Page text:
Biopsy The removal of a sample of tissue or fluid that is examined to see whether cancer is present. This may be done with a large needle or through surgical removal of tissue or fluids. Bone marrow The soft, spongy material in the center of your bones that produces all your blood cells, such as white blood cells, red blood cells and platelets. Chest X-ray A type of high-energy radiation that can go through the body and onto film, making pictures of areas inside the chest, which can be used to diagnose disease. An X-ray is a type of high-energy radiation that can go through the body and onto film, making pictures of areas inside the chest, which can be used to diagnose disease. Chromosome Part of a cell that contains genetic information. Except for sperm and eggs, all human cells contain 46 chromosomes. Chromosome Part of a cell that contains genetic information. Except for sperm and eggs, all human cells contain 46 chromosomes. Computed tomography A procedure that uses a computer linked to an X-ray machine to make a series of detailed pictures of areas inside the body. The pictures are used to create three-dimensional (3-D) views of tissues and organs. A procedure that uses a computer linked to an X-ray machine to make a series of detailed pictures of areas inside the body. The pictures are taken from different angles and are used to create three-dimensional (3-D) views of tissues and organs. A dye may be injected into a vein or swallowed to help the tissues and organs show up more clearly. This scan may be used to help diagnose disease, plan treatment or find out how well treatment is working. Cytogenetic test The process of analyzing cells in a sample of tissue, blood, bone marrow or amniotic fluid to look for changes in chromosomes, including broken, missing, rearranged or extra chromosomes. The process of analyzing cells in a sample of tissue, blood, bone marrow or amniotic fluid to look for changes in chromosomes, including broken, missing, rearranged or extra chromosomes. Changes in certain chromosomes may be a sign of a genetic disease or condition or some types of cancer. Cytogenetic analysis may be used to help diagnose disease, plan treatment or find out how well treatment is working. Flow cytometry A laboratory method that measures the number of cells, the percentage of live cells and certain characteristics of cells in a sample of blood, bone marrow or other tissue. A laboratory method that measures the number of cells, the percentage of live cells and certain characteristics of cells (such as size and shape) in a sample of blood, bone marrow or other tissue. The presence of tumor markers, such as antigens, on the surface of the cells is also measured. The cells are stained with a light-sensitive dye, placed in a fluid and then passed one at a time through a beam of light. The measurements are based on how the stained cells react to the beam of light. Flow cytometry is used in basic research and to help diagnose and manage certain diseases, including cancer. Imaging In medicine, a process that makes pictures of areas inside the body. Imaging uses methods such as X-rays (high-energy radiation), ultrasound (high-energy sound waves) and radio waves. Lymphocyte A type of immune cell that is made in the bone marrow and is found in the blood and in lymph tissue. The two main types of lymphocytes are B lymphocytes and T lymphocytes. A type of immune cell that is made in the bone marrow and is found in the blood and in lymph tissue. The two main types of lymphocytes (white blood cells) are B lymphocytes and T lymphocytes. B lymphocytes make antibodies, and T lymphocytes help kill tumor cells and help control immune responses. Magnetic resonance imaging A procedure in which radio waves and a powerful magnet linked to a computer are used to create detailed pictures of areas inside the body. A procedure in which radio waves and a powerful magnet linked to a computer are used to create detailed pictures of areas inside the body. These pictures can show the difference between normal and diseased tissue. MRI makes better images of organs and soft tissue than other scanning techniques, such as computed tomography (CT) or X-ray. MRI is especially useful for imaging the brain, the spine, the soft tissue of joints and the inside of bones. Peripheral blood smear A procedure in which a sample of blood is viewed under a microscope to count different circulating blood cells (such as red blood cells, white blood cells or platelets) and see whether they look normal. Polymerase chain reaction A laboratory method used to make many copies of a specific piece of DNA from a sample. It allows very small amounts of DNA to be amplified so they can be detected. A laboratory method used to make many copies of a specific piece of DNA from a sample that contains very tiny amounts of that DNA. Polymerase chain reaction allows these pieces of DNA to be amplified so they can be detected. Polymerase chain reaction may be used to look for certain changes in a gene or chromosome, which may help find and diagnose a genetic condition or a disease, such as cancer. It may also be used to look at pieces of the DNA of certain bacteria, viruses or other microorganisms to help diagnose an infection. Sign In medicine, a sign is something found during a physical exam or from a laboratory test that shows that a person may have a condition or disease. In medicine, a sign is something found during a physical exam or from a laboratory test that shows that a person may have a condition or disease. Some examples of signs are fever, swelling, skin rash, high blood pressure and high blood glucose. Ultrasound A procedure that uses high-energy sound waves to look at tissues and organs inside the body. The sound waves make echoes that form pictures of the tissues and organs on a computer screen. A procedure that uses high-energy sound waves to look at tissues and organs inside the body. The sound waves make echoes that form pictures of the tissues and organs on a computer screen (sonogram). Ultrasound may be used to help diagnose diseases, such as cancer. It may also be used during pregnancy to check the fetus (unborn baby) and during medical procedures, such as biopsies. Also called ultrasonography.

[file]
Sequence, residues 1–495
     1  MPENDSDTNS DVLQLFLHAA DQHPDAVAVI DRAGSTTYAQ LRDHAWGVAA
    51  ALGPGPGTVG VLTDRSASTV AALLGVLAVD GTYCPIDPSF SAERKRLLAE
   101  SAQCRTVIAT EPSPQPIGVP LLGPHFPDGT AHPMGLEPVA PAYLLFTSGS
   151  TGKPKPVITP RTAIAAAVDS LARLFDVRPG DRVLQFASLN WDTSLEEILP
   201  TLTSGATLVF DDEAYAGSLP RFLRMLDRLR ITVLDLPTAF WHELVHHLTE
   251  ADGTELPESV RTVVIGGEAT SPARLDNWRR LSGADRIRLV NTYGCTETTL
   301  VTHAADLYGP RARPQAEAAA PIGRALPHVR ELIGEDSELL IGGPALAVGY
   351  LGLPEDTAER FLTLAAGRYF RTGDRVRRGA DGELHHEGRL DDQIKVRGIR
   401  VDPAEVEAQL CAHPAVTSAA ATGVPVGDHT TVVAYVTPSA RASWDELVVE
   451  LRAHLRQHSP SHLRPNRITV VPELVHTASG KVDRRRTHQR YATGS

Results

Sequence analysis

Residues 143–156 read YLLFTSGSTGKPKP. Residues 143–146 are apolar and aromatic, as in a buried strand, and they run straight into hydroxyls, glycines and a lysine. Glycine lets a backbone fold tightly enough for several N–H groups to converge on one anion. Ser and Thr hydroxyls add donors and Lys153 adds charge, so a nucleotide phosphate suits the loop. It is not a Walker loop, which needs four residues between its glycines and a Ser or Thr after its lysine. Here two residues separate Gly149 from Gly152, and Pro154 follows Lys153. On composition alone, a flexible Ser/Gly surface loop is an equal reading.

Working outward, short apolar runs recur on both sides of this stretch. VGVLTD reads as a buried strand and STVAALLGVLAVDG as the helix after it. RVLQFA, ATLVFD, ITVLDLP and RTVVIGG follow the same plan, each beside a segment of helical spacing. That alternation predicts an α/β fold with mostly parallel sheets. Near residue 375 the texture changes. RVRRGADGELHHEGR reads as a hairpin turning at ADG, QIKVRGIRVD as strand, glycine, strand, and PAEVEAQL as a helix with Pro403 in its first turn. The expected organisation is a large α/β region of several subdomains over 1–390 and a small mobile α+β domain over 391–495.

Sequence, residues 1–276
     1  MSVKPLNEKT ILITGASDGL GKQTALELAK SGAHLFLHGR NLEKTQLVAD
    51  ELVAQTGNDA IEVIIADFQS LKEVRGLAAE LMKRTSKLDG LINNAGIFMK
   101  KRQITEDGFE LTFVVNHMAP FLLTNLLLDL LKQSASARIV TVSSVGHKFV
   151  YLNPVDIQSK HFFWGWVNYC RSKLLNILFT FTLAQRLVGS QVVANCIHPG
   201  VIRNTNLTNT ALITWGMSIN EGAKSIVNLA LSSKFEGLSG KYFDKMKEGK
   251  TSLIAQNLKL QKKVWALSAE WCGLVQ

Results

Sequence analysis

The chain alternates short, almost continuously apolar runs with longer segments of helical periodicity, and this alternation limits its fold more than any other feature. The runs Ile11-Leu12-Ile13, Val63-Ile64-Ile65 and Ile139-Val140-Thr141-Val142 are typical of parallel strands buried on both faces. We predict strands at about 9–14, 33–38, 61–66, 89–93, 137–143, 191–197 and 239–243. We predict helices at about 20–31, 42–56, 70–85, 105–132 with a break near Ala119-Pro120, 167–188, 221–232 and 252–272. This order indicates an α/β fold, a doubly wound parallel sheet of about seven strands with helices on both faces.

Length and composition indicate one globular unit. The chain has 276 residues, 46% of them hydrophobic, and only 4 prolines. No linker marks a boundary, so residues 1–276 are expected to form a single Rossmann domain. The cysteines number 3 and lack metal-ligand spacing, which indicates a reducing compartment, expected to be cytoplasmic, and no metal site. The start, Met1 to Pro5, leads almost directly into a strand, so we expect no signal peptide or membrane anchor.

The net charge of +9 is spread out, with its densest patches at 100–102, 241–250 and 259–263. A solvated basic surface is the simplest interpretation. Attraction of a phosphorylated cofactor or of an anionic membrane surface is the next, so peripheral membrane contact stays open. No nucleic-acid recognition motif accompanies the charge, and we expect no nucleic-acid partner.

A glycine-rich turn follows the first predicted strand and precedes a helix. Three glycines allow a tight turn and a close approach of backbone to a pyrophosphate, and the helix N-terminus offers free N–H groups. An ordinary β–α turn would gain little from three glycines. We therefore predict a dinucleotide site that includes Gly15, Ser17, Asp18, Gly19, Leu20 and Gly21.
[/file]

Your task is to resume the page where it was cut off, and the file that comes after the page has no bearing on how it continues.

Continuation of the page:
Stages